The Myall Creek Massacre facts are not disputed because it was thoroughly investigated at the time and perpetrators brought to justice. It’s an example of psychopathic behaviour that sometimes resulted in the 19th century from convicts being assigned to landowners far beyond the boundaries of European civilization, and many days’ ride from the law. I went to the 180th anniversary of the massacre recently, and was welcomed there by descendants of the killers and victims alike, and those who upheld the rule of law.
At Myall Creek cattle station on the 10th of June 1838, twenty-eight Indigenous people, mostly women, children and elderly men, were killed by a band of armed stockmen, all convicts led by a free man under the employ of landowner Henry Dangar. Seven perpetrators hanged for the crime. The annual commemoration of the butchery takes place onsite at Myall Creek, near Bingara, in the New England region of New South Wales.
The white fella portion of events commenced with children from the Moree public school performing a lovely rendition of the Australian national anthem, sung in the local Gomeroi language. The beauty of their voices was greeted with hushed admiration.
Back in 1838, two Aboriginal brothers John and Jimmy survived the massacre by hiding in the creek when the gang rode into camp. Their living descendants who spoke at the commemoration included Aunty Sue Blacklock, the Tingha elder who was made a Member of the General Division of the Order of Australia a couple of years ago for her love of children and their welfare. Another who talked was Uncle Lyall Munro the Kamilaroi elder and activist. Every word they spoke was teaching the young children, and was received with profound respect.
After the indigenous ceremonies, which included ancient cultural dance and songs in language, I walked back to the memorial hall. I was accompanied by Robert Larkin. He’d travelled 1,300 kilometres from Melbourne to be there, dwarfing my mere 500 kilometres. It was Robert’s great-great-grandfather William Hobbs who was the station manager at the time of the massacre. Hobbs risked his life by reporting the murders to authorities, for which he was sacked from his job, and giving key testimony at the trials. If it wasn’t for Hobbs, the colony’s governor Sir George Gipps, supported by crown prosecutor John Plunkett, would never have been successful obtaining the convictions, and so we would not be here today. The events impacted the life of Hobbs so much that he named his son William Plunkett Hobbs after the prosecutor with whom he entrusted his life.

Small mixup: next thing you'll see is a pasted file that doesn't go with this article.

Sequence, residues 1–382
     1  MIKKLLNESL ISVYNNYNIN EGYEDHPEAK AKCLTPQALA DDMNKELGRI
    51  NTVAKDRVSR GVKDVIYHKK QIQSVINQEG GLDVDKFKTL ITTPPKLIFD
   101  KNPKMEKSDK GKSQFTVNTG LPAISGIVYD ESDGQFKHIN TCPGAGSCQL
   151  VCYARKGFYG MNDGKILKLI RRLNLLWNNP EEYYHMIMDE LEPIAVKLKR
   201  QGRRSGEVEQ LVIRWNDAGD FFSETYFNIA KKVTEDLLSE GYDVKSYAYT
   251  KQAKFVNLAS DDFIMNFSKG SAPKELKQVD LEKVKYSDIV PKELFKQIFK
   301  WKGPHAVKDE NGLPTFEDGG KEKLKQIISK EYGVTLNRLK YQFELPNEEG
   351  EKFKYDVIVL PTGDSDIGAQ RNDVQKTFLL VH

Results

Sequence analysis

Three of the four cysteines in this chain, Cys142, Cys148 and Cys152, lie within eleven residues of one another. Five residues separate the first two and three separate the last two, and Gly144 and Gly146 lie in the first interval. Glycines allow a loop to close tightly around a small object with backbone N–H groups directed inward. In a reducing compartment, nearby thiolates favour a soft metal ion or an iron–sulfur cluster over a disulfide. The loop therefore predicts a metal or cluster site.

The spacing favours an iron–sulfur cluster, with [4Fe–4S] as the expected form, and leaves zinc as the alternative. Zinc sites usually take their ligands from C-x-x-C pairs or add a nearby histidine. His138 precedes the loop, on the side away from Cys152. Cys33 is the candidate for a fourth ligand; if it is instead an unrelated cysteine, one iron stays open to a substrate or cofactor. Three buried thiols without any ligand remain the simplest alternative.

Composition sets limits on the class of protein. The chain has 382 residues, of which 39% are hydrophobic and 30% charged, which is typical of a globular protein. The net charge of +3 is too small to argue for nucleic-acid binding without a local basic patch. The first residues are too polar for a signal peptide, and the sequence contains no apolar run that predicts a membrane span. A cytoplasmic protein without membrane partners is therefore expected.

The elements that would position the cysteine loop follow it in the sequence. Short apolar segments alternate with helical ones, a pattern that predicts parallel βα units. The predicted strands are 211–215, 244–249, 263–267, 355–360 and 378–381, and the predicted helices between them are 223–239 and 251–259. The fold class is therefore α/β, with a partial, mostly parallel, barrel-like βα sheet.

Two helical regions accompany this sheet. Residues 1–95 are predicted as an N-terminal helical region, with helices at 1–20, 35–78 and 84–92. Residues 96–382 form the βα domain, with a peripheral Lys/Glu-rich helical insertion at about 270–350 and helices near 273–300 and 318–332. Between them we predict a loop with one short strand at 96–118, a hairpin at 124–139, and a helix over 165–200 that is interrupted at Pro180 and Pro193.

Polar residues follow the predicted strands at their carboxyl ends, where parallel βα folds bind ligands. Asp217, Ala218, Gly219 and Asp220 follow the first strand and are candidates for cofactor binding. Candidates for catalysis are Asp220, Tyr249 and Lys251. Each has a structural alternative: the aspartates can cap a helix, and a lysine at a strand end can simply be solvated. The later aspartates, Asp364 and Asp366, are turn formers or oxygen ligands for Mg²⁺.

History is unfortunately largely silent on those who led the events and never brought to justice all those years ago. Henry Dangar owned the Myall Creek station. By his actions, Dangar made it apparent that it was he who ordered the extermination of indigenous people from his stations. He had earlier been dismissed as government surveyor for misappropriating land. Throughout the Myall Creek Massacre trials Dangar perverted the course of justice by attempting to influence jurors, witnesses, and public opinion. His name today perversely remains commemorated a number of ways including with the Dangar Falls, Dangar’s Lagoon, Dangar Gorge, Mount Dangar, Dangar Island, and Dangar Street.
My uncle noted that Dangar descendants still live in the New England district today. With regular stories in the media since the awful events of 180 years ago, reminders are never far away and will live forever in the hearts of Aunty Sue’s beloved young people.
The newspaper illustration comes from Melbourne’s Argus newspaper, Saturday 24 March 1956, page 10, and the photographs are my own ©, as are the YouTube videos from the commemoration below.